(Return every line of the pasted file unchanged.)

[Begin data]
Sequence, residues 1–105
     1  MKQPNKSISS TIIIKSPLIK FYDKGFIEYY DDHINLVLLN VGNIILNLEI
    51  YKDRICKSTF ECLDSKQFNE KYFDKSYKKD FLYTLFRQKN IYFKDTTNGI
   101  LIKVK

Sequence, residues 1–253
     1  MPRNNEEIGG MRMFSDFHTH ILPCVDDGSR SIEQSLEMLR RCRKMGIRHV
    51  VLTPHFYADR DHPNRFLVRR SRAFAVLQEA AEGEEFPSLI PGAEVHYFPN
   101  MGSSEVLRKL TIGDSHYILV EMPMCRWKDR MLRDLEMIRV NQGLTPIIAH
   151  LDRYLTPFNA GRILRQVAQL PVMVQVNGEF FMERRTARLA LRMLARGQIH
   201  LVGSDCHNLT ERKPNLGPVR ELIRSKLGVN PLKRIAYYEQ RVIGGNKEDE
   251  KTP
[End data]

Sequence, residues 1–105
     1  MKQPNKSISS TIIIKSPLIK FYDKGFIEYY DDHINLVLLN VGNIILNLEI
    51  YKDRICKSTF ECLDSKQFNE KYFDKSYKKD FLYTLFRQKN IYFKDTTNGI
   101  LIKVK

Sequence, residues 1–253
     1  MPRNNEEIGG MRMFSDFHTH ILPCVDDGSR SIEQSLEMLR RCRKMGIRHV
    51  VLTPHFYADR DHPNRFLVRR SRAFAVLQEA AEGEEFPSLI PGAEVHYFPN
   101  MGSSEVLRKL TIGDSHYILV EMPMCRWKDR MLRDLEMIRV NQGLTPIIAH
   151  LDRYLTPFNA GRILRQVAQL PVMVQVNGEF FMERRTARLA LRMLARGQIH
   201  LVGSDCHNLT ERKPNLGPVR ELIRSKLGVN PLKRIAYYEQ RVIGGNKEDE
   251  KTP